By Matthew Green
ISLAMABAD (Reuters) - U.N. experts urged Pakistan on Thursday to investigate allegations that security forces had abducted hundreds of people and take steps to hold powerful intelligence agencies to account.
The remarks are likely to irritate the military establishment in Pakistan, where Western allies mostly avoid making public statements over the disappearances for fear of antagonizing generals who exert huge sway over foreign policy.
The first U.N. team to visit Pakistan to collect testimony from relatives of the missing concluded its 10-day trip by saying Islamabad needed to make sure suspects within the security forces could be prosecuted.
"Even though Pakistan may recognize that some disappearances have occurred, not a single perpetrator has been convicted," said Olivier de Frouville, who chairs a Geneva-based U.N. panel that monitors allegations of state-sponsored disappearances around the world. "They should really fight against impunity."
Pakistan's intelligence agencies have long resisted oversight by civilian governments in a country that has experienced long periods of military rule. The military has repeatedly denied involvement in abductions.
The French law professor said the Pakistan government should take steps to ensure it could exercise transparent oversight over the intelligence agencies and that military personnel suspected of abuses are tried in civilian courts.
"The state has to take some measures - and show that these measures are being taken - to supervise the work of these (intelligence) agencies. It has to be visible," he told reporters.
His comments will grate with Pakistan's army, which has long sought to cultivate a climate where support for the military is equated with patriotism and public criticism of intelligence agencies is taboo.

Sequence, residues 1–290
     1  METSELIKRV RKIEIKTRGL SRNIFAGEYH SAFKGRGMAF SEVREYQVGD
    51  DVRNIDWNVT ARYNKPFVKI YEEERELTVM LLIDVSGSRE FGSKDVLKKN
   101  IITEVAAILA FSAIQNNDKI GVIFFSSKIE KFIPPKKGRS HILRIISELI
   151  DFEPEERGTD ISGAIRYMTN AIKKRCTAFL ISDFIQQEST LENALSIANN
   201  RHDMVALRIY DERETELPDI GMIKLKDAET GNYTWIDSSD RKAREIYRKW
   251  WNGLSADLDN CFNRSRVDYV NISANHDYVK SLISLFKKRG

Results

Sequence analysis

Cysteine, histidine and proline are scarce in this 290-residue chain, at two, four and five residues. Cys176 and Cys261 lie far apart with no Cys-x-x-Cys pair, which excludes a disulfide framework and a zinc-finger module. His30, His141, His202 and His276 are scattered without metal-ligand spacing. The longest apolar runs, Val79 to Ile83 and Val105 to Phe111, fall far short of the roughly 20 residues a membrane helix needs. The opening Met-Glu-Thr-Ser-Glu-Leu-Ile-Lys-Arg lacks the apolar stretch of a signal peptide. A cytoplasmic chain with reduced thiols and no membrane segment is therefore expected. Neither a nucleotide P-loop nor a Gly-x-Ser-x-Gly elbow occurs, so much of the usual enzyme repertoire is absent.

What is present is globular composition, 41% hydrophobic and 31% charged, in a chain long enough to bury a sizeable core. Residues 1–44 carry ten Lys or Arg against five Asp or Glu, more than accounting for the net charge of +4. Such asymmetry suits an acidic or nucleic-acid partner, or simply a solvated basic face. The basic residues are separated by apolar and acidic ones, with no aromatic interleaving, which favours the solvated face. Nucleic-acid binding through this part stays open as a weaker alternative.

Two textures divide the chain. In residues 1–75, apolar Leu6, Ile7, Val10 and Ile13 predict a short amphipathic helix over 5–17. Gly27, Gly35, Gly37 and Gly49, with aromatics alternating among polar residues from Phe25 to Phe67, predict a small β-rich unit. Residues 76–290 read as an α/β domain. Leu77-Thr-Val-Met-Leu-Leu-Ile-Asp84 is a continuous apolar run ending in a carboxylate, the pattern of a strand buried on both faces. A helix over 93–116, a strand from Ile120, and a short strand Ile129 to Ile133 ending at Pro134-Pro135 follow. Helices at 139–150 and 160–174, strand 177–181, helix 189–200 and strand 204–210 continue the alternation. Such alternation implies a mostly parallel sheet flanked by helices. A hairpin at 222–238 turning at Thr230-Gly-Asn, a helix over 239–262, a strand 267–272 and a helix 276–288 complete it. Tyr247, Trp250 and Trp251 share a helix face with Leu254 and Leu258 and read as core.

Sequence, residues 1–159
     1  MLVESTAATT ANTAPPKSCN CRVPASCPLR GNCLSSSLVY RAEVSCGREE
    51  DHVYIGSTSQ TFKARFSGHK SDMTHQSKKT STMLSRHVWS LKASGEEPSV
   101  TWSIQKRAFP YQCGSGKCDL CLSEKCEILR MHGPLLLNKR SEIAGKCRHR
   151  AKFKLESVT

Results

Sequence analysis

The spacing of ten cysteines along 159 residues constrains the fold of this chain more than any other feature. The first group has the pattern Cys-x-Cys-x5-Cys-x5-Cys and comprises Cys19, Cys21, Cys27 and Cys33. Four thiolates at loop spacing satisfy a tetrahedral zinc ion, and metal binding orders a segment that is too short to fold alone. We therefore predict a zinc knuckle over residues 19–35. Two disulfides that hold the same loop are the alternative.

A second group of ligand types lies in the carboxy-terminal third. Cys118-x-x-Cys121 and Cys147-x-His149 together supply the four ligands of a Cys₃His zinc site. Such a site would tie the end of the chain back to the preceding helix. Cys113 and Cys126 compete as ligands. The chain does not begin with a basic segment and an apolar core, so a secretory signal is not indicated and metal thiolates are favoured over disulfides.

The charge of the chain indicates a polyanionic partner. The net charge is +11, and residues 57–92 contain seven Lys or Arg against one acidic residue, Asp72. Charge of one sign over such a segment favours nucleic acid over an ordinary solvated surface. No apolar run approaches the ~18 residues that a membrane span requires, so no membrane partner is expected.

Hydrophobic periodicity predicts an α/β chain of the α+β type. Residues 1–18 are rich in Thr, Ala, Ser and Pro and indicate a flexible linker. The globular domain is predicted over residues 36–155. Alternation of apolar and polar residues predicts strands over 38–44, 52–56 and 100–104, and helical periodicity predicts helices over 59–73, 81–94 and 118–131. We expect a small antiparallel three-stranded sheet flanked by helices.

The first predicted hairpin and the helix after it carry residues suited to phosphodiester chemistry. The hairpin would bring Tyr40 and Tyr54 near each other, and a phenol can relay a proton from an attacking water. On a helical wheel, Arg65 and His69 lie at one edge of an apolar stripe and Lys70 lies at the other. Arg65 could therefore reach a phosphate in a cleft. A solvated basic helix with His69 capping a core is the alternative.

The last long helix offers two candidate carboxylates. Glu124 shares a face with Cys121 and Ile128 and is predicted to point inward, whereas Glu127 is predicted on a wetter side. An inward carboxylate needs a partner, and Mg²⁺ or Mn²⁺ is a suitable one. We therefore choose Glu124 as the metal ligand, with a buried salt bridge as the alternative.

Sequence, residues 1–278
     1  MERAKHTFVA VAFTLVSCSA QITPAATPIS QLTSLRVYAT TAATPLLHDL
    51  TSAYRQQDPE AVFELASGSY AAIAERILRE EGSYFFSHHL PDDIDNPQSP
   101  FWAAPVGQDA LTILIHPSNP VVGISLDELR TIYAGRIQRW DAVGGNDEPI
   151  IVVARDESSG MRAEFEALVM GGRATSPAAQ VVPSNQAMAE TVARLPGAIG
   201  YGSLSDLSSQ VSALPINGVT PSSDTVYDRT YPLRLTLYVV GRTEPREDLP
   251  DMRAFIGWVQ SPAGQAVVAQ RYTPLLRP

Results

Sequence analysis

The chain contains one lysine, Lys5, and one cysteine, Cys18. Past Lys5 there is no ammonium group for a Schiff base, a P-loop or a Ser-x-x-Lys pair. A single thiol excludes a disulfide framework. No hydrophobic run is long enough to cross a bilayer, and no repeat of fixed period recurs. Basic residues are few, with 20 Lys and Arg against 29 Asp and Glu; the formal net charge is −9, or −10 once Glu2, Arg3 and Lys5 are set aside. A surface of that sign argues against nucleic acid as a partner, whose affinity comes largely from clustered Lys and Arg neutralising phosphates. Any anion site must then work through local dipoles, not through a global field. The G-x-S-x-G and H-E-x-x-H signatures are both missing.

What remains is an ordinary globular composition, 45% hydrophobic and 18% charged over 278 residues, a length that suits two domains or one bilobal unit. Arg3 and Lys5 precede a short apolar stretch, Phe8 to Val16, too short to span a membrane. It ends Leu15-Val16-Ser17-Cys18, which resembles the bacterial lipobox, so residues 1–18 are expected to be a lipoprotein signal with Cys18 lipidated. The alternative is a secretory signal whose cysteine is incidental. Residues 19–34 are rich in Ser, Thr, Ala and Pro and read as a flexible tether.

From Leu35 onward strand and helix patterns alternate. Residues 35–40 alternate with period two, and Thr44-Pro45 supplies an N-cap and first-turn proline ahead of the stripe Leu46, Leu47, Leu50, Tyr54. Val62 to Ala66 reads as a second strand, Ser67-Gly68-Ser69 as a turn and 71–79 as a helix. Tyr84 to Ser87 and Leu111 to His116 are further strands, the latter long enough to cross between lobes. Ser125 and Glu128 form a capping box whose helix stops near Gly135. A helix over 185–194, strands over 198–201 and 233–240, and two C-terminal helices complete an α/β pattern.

They may also upset Pakistani lawmakers who have questioned whether the team's visit represents a breach of sovereignty.
Requests by the U.N. team to meet the head of Pakistan's Inter-Services Intelligence Directorate, the premier intelligence agency, and officers responsible for security in Baluchistan province, where many of the disappearances have been reported, were declined, de Frouville said.
His team visited five Pakistani cities including Quetta, Baluchistan's provincial capital, to speak with civilian officials and about 100 relatives of victims.
Pakistani officials explained some of the disappearances by blaming them on armed groups or saying the missing individuals had fled the country, de Frouville said.
"NOTHING BUT LIES"
The U.N. mission has no mandate to investigate allegations of abuses and its primary role is to serve as conduit between victims' families and the government.
While the team has heard of cases of disappearances from across Pakistan, the phenomenon is most pronounced in Baluchistan, where security forces have been accused of waging a campaign of abduction and murder to try to silence separatists.
New York-based Human Rights Watch said in May that at least 300 bodies, many bearing marks of torture, had been dumped in the province since early 2011.
Baluch activists say the remains are evidence of a state-backed policy of "kill-and-dump" designed to intimidate activists campaigning for Baluchistan's independence.
Farzana Majeed, the sister of a prominent student leader who was taken away by men in uniform in June 2009 and remains missing, urged the United Nations to take action.
"We gave them documented evidence and Pakistan officials gave them nothing but lies," she said. "Let's see if they side with the oppressed or the oppressor."
Nasrullah Bangulzai, chairman of the Voice for Baluch Missing Persons, an advocacy group, said he had handed the U.N. delegation case files on 1,320 abductees, and the names of another 940 missing Baluch for whom fewer details are available.
"I hope that the U.N. team will not just prepare a report and sit idle," Bangulzai said. "We expect them to report the issue to the Security Council and recommend action for the recovery of missing persons."
Provincial authorities say fewer than 100 missing people remain untraced in Baluchistan.
The U.N. team says it is beyond its scope to assess the credibility of the allegations it receives and that Pakistani authorities are responsible for launching investigations. It will present a report to the U.N. Human Rights Council in 2013.
(Reporting By Matthew Green; Editing by Robin Pomeroy)